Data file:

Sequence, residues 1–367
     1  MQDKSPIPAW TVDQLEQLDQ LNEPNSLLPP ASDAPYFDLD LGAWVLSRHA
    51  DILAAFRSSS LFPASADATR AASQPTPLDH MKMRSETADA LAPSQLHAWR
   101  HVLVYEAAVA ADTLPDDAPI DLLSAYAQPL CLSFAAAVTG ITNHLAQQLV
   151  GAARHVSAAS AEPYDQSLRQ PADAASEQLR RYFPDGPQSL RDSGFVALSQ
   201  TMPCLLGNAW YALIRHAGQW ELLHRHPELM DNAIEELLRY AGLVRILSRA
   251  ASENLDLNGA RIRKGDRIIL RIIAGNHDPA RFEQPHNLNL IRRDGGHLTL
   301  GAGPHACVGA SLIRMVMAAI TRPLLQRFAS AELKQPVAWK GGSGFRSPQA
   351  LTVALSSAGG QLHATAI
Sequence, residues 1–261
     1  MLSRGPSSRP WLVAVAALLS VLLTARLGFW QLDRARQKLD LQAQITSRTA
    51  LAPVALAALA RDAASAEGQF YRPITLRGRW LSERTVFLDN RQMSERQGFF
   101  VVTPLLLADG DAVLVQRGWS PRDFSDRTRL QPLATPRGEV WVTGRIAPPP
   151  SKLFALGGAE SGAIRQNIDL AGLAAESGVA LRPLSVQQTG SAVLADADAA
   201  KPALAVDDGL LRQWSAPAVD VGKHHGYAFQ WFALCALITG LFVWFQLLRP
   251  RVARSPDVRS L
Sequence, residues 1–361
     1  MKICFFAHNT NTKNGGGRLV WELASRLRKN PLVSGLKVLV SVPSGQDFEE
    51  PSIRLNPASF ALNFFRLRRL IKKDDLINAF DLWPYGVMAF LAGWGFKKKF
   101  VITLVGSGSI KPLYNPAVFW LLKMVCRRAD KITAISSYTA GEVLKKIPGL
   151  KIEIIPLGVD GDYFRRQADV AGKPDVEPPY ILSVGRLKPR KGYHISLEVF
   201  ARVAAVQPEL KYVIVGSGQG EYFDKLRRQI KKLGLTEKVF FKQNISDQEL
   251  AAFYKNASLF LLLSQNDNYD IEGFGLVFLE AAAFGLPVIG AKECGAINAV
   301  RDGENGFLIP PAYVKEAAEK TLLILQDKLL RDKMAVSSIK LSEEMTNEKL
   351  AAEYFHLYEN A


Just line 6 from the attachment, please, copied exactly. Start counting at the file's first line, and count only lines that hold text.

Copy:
   201  TMPCLLGNAW YALIRHAGQW ELLHRHPELM DNAIEELLRY AGLVRILSRA